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Martim Mas e BragaDoktorand

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Doktorand i geomorfologi och glaciologi. Se sidan på engelska där jag berättar lite mer om min forskning och andra uppgifter inom institutionen.


I urval från Stockholms universitets publikationsdatabas

  • Sensitivity of the Antarctic ice sheets to the warming of marine isotope substage 11c

    2021. Martim Mas e Braga (et al.). The Cryosphere 15 (1), 459-478


    Studying the response of the Antarctic ice sheets during periods when climate conditions were similar to the present can provide important insights into current observed changes and help identify natural drivers of ice sheet retreat. In this context, the marine isotope substage 11c (MIS11c) interglacial offers a suitable scenario, given that during its later portion orbital parameters were close to our current interglacial. Ice core data indicate that warmer-than-present temperatures lasted for longer than during other interglacials. However, the response of the Antarctic ice sheets and their contribution to sea level rise remain unclear. We explore the dynamics of the Antarctic ice sheets during this period using a numerical ice sheet model forced by MIS11c climate conditions derived from climate model outputs scaled by three glaciological and one sedimentary proxy records of ice volume. Our results indicate that the East and West Antarctic ice sheets contributed 4.0-8.2 m to the MIS11c sea level rise. In the case of a West Antarctic Ice Sheet collapse, which is the most probable scenario according to far-field sea level reconstructions, the range is reduced to 6.7-8.2 m independently of the choices of external sea level forcing and millennialscale climate variability. Within this latter range, the main source of uncertainty arises from the sensitivity of the East Antarctic Ice Sheet to a choice of initial ice sheet configuration. We found that the warmer regional climate signal captured by Antarctic ice cores during peak MIS11c is crucial to reproduce the contribution expected from Antarctica during the recorded global sea level highstand. This climate signal translates to a modest threshold of 0.4 degrees C oceanic warming at intermediate depths, which leads to a collapse of the West Antarctic Ice Sheet if sustained for at least 4000 years.

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  • Nunataks as barriers to ice flow

    2021. Martim Mas E. Braga (et al.). The Cryosphere 15 (10), 4929-4947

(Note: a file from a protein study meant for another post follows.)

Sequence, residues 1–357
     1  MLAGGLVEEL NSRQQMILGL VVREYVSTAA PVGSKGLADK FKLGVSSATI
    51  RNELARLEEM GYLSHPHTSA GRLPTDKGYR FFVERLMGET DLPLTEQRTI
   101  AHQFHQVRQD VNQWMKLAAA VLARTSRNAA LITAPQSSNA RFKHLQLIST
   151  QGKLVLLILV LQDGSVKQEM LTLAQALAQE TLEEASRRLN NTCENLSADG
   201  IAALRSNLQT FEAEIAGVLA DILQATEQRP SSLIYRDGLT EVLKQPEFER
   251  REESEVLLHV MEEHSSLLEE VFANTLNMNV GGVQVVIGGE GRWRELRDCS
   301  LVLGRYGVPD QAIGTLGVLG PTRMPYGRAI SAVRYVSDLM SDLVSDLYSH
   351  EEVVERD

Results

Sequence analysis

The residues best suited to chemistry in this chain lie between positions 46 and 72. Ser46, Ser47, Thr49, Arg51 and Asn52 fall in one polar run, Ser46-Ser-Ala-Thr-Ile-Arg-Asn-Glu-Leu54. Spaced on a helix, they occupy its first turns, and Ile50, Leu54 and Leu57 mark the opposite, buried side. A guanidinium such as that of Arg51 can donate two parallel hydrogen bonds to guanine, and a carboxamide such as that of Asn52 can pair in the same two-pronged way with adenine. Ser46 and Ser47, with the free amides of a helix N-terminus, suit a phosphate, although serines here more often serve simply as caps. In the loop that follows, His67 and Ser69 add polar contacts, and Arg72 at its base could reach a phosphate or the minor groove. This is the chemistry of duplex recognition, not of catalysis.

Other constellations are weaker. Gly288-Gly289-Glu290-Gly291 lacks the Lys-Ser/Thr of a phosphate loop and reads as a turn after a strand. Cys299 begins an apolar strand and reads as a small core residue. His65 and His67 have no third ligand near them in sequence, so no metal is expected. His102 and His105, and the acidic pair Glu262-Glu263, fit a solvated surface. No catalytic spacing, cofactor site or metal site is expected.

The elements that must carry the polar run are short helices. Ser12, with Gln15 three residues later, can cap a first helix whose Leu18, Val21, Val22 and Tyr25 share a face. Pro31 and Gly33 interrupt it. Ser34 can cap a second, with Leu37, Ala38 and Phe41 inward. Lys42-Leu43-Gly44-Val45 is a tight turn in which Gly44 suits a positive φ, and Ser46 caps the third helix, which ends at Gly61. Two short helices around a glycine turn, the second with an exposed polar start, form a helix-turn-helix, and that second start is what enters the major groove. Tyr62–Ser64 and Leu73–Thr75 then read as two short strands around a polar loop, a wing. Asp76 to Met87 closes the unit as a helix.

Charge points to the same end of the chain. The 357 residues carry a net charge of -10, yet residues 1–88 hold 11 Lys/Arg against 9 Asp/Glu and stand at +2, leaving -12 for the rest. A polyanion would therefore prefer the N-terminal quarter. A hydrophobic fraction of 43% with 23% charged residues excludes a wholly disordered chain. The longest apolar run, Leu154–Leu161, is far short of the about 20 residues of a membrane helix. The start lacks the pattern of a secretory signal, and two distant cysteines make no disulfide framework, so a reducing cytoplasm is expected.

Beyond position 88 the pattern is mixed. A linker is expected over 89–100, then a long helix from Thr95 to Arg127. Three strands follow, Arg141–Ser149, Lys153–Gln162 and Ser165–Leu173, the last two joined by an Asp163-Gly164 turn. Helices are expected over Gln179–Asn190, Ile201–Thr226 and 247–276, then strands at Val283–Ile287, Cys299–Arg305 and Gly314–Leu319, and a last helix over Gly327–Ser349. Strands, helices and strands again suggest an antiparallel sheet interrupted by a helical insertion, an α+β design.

Numerical models predict that discharge from the polar ice sheets will become the largest contributor to sea-level rise over the coming centuries. However, the predicted amount of ice discharge and associated thinning depends on how well ice sheet models reproduce glaciological processes, such as ice flow in regions of large topographic relief, where ice flows around bedrock summits (i.e. nunataks) and through outlet glaciers. The ability of ice sheet models to capture long-term ice loss is best tested by comparing model simulations against geological data. A benchmark for such models is ice surface elevation change, which has been constrained empirically at nunataks and along margins of outlet glaciers using cosmogenic exposure dating. However, the usefulness of this approach in quantifying ice sheet thinning relies on how well such records represent changes in regional ice surface elevation. Here we examine how ice surface elevations respond to the presence of strong topographic relief that acts as an obstacle by modelling ice flow around and between idealised nunataks during periods of imposed ice sheet thinning. We find that, for realistic Antarctic conditions, a single nunatak can exert an impact on ice thickness over 20 km away from its summit, with its most prominent effect being a local increase (decrease) of the ice surface elevation of hundreds of metres upstream (downstream) of the obstacle. A direct consequence of this differential surface response for cosmogenic exposure dating is a delay in the time of bedrock exposure upstream relative to downstream of a nunatak summit. A nunatak elongated transversely to ice flow is able to increase ice retention and therefore impose steeper ice surface gradients, while efficient ice drainage through outlet glaciers produces gentler gradients. Such differences, however, are not typically captured by continent-wide ice sheet models due to their coarse grid resolutions. Their inability to capture site-specific surface elevation changes appears to be a key reason for the observed mismatches between the timing of ice-free conditions from cosmogenic exposure dating and model simulations. We conclude that a model grid refinement over complex topography and information about sample position relative to ice flow near the nunatak are necessary to improve data-model comparisons of ice surface elevation and therefore the ability of models to simulate ice discharge in regions of large topographic relief.

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